Justice Schack has small jowls and big black glasses, a thin mustache and not so many hairs combed across his scalp. He has the impish eyes of the high school social studies teacher he once was, aware that something untoward is probably going on at the back of his classroom. He is Brooklyn born and bred, with a master’s degree in history and an office loaded with autographed baseballs and photographs of the Brooklyn Dodgers. His written decisions are a free-associative trip through popular, legal and literary culture, with a sideways glance at the business pages.

Confronted with a case in which Deutsche Bank and Goldman Sachs passed a defaulted mortgage back and forth and lost track of the documents, the judge made reference to the film classic “It’s a Wonderful Life” and the evil banker played by Lionel Barrymore. “Lenders should not lose sight,” Justice Schack wrote in that 2007 case, “that they are dealing with humanity, not with Mr. Potter’s ‘rabble’ and ‘cattle.’ Multibillion-dollar corporations must follow the same rules in the foreclosure actions as the local banks, savings and loan associations or credit unions, or else they have become the Mr. Potters of the 21st century.”

Last year, he chastised Wells Fargo for filing error-filled papers. “The court,” the judge wrote, “reminds Wells Fargo of Cassius’s advice to Brutus in Act 1, Scene 2 of William Shakespeare’s ‘Julius Caesar’: ‘The fault, dear Brutus, is not in our stars, but in ourselves.’ ”

Then there is a Deutsche Bank case from 2008, the juicy part of which he reads aloud:

“The court wonders if the instant foreclosure action is a corporate ‘Kansas City Shuffle,’ a complex confidence game,” he reads. “In the 2006 film ‘Lucky Number Slevin,’ Mr. Goodkat, a hit man played by Bruce Willis, explains: ‘A Kansas City Shuffle is when everybody looks right, you go left.’ ”The banks’ reaction? Justice Schack shrugs. “They probably curse at me,” he says, “but no one is interested in some little judge.”

Little drama attends the release of his decisions. Beaten-down homeowners rarely show up to contest foreclosure actions, and the judge scrutinizes the banks’ papers in his chambers. But at legal conferences, judges and lawyers have wondered aloud why more judges do not hold banks to tougher standards.

“To the extent that judges examine these papers, they find exactly the same errors that Judge Schack does,” said Katherine M. Porter, a visiting professor at the School of Law at the University of California, Berkeley, and a national expert in consumer credit law. “His rulings are hardly revolutionary; it’s unusual only because we so rarely hold large corporations to the rules.”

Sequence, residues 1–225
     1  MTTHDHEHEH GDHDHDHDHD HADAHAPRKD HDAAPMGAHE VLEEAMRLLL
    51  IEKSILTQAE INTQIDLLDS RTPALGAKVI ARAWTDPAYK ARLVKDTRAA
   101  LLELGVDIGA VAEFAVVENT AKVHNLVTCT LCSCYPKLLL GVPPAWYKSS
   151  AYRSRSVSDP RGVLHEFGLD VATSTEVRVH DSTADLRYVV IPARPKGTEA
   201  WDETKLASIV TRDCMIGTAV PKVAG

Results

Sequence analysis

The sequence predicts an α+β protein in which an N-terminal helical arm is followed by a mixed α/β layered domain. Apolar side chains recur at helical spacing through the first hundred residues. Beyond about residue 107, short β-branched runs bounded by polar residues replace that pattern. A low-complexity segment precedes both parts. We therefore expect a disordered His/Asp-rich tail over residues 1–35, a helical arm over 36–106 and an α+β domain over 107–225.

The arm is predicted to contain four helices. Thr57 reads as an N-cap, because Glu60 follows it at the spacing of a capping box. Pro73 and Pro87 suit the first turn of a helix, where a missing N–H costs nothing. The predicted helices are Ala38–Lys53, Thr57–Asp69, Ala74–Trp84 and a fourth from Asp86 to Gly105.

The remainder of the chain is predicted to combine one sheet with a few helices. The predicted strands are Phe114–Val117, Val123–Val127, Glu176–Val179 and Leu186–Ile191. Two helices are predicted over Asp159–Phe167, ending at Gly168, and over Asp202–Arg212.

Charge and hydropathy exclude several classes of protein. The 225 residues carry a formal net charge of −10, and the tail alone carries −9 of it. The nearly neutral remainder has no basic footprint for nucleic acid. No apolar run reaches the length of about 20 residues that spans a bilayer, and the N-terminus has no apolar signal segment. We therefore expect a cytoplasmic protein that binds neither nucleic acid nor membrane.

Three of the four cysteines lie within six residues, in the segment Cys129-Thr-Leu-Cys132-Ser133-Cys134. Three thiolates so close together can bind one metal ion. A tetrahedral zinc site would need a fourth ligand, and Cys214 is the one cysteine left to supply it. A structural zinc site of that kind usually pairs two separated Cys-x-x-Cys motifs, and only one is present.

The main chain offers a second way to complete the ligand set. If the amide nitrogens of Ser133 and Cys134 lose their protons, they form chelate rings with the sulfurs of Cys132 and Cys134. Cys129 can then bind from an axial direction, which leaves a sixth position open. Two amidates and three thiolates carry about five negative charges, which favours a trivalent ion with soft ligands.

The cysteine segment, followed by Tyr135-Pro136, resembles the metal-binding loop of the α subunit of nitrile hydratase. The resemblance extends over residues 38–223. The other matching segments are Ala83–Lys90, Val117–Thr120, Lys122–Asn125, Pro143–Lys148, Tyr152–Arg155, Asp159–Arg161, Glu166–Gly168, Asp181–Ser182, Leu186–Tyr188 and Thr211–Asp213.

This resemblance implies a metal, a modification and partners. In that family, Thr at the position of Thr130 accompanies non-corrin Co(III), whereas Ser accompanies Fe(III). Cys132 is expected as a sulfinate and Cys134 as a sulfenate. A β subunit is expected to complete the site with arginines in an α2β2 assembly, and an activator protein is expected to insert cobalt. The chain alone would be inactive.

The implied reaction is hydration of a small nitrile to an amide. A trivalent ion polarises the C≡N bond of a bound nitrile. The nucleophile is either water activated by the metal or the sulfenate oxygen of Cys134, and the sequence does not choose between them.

Banks and the cottage industry of mortgage service companies and foreclosure lawyers also pay rather close attention. A spokeswoman for OneWest Bank acknowledged that an official, confronted with a ream of foreclosure papers, had mistakenly signed for two different banks — just as the Deutsche Bank official did. Deutsche Bank, which declined to let an attorney speak on the record about any of its cases before Justice Schack, e-mailed a PDF of a three-page pamphlet in which it claimed little responsibility for foreclosures, even though the bank’s name is affixed to tens of thousands of such motions. The bank described itself as simply a trustee for investors.

Justice Schack came to his recent prominence by a circuitous path, having worked for 14 years as public school teacher in Brooklyn. He was a union representative and once walked a picket line with his wife, Dilia, who was a teacher, too. All was well until the fiscal crisis of the 1970s.

“Why’d I go to law school?” he said. “Thank Mayor Abe Beame, who froze teacher salaries.”

He was counsel for the Major League Baseball Players Association in the 1980s and ’90s, when it was on a long winning streak against team owners. “It was the millionaires versus the billionaires,” he says. “After a while, I’m sitting there thinking, ‘He’s making $4 million, he’s making $5 million, and I’m worth about $1.98.’ ”

So he dived into a judicial race. He was elected to the Civil Court in 1998 and to the Supreme Court for Brooklyn and Staten Island in 2003. His wife is a Democratic district leader; their daughter, Elaine, is a lawyer and their son, Douglas, a police officer.Justice Schack’s duels with the banks started in 2007 as foreclosures spiked sharply. He saw a plague falling on Brooklyn, particularly its working-class black precincts. “Banks had given out loans structured to fail,” he said.